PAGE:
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Homily (Reflection) for the Memorial of Saints Timothy and Titus, Bps (26th January, 2019) on the Gospel and the Memorial
 
2Tim 1:1-8 or Tit 1:1-5;
Ps 95:1-3.7-8.10. (R. v. 3);
Lk 10:1-9.

Timothy (c. AD 17 - c. AD 97) had a Greek father and a Jewish mother named Eunice as a result of which the Jews considered him illegitimate. His grandmother, Lois, was the first to be converted. Timothy was converted by Paul around the year 47 and he later joined him in his apostolic work. He proved himself one of Paul’s most faithful and trusted friends. Saint Paul sent him on difficult missions. Saint Timothy is the patron Saint of intestinal disorders, stomach diseases[1].
Titus (d. 96 or 107 AD) had the distinction of being a close friend and disciple of Paul as well as a fellow missionary. He was Greek, apparently from Antioch. Even though Titus was a Gentile, Paul would not let him be forced to undergo circumcision. Titus was seen as a peacemaker, administrator, and a great friend[2]. He is the patron saint of the United States Army Chaplain Corps[3].
Topic: Plenty harvest yet few workers (cf. Lk 10:2).
Jesus sent seventy of his disciples in pairs on mission in today’s gospel. Before embarking on the mission, Jesus made them to understand among other things that the work is enormous and the need to pray to God for workers. Again, they were not going out as lords but lambs among wolves. These notwithstanding, they were to “Carry no purse, no bag, no sandals; and greet no one on the road” (Lk 10:4). They were to remain in one house eating and drinking whatever they were given. And they were to cure the sick and to announce the arrival of the kingdom of God.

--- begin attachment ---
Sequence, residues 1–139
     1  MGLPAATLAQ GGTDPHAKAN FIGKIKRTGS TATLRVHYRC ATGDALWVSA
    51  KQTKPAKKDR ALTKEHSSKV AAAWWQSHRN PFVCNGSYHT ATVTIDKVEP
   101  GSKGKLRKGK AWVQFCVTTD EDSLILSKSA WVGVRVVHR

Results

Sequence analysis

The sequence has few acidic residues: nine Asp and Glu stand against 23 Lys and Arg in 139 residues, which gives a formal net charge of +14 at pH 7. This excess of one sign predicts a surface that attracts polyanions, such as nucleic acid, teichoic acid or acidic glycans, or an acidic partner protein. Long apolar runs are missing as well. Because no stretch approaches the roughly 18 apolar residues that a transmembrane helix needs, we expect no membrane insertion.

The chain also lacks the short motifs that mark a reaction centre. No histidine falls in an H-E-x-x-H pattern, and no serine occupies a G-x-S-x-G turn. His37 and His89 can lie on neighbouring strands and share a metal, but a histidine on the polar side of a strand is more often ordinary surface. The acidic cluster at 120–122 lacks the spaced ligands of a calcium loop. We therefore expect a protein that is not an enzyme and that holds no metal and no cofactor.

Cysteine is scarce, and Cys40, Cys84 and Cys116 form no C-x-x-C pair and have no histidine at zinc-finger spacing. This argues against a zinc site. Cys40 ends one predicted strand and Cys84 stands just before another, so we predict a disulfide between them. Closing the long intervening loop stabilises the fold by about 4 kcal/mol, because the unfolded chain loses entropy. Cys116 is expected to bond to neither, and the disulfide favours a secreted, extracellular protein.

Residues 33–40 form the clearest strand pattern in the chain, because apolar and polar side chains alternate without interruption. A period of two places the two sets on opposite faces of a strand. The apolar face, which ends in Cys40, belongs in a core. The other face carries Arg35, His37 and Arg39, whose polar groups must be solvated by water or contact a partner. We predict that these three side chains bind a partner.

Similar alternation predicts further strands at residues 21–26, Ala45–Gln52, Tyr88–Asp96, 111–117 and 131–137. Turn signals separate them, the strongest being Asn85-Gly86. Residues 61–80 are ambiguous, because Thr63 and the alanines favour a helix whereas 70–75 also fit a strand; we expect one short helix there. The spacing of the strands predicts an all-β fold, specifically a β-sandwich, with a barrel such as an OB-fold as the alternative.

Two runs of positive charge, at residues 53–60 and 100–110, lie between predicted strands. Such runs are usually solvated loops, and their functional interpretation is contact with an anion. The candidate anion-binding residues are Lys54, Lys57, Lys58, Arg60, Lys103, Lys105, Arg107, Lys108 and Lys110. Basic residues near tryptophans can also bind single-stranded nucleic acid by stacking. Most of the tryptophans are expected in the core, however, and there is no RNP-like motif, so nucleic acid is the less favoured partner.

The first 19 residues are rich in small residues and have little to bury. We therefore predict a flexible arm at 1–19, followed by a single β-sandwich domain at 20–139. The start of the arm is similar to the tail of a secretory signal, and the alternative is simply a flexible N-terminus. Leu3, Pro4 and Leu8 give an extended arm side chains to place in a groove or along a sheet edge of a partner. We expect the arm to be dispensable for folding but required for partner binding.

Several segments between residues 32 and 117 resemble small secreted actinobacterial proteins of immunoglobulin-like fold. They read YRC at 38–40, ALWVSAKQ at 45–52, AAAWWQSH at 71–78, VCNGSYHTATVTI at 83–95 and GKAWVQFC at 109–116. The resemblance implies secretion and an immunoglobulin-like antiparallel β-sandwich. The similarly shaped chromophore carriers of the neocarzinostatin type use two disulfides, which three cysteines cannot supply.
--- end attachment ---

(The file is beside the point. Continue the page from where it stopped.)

There are a lot of things we can reflect on in today’s gospel. But we are to focus on the first thing Jesus made them to know: “The harvest is plentiful, but the labourers are few ....” Can this statement still be true today considering the number of people already in the vineyard?
Judging by the number of churches we have today and the ministers each has, one can hastily conclude that this is no longer relevant. But it is important to note that there is great difference between people in the vineyard and labourers in the vineyard. Hence, Jesus warns
Not everyone who says to me, ‘Lord, Lord,’ shall enter the kingdom of heaven, but he who does the will of my Father who is in heaven. On that day many will say to me, ‘Lord, Lord, did we not prophesy in your name, and cast out demons in your name, and do many mighty works in your name? (Matt 7:21-22).
As we celebrate Saint Timothy and Saint Titus who collaborated with Saint Paul in the Lord’s vineyard we must pray more fervently for workers in the Lord’s vineyard. The number of people in the vineyard makes the work even more difficult because one needs to decipher first who are there to work and who are there for other purposes, cf. 1Tim 6:5.
We must tighten our belts and lace our shoes because the work is more tedious today and it is for all of us. There will be great reward for all who work in the Lord’s vineyard, cf. Matt 19:28-29. And at the same time, there will be weeping and gnashing of teeth for those who neglect their work, cf. Lk 13:26-28. Let us work today for the great reward tomorrow.
Bible Reading: Matt 7:21-23; Lk 13:22-30.
Thought for today: You have your part in God’s vineyard.
Let us pray: Lord, help us to be good labourers in your vineyard – Amen.
Saints Timothy and Titus – Pray for us.
You are free to share this reflection with others if you consider it worthy.

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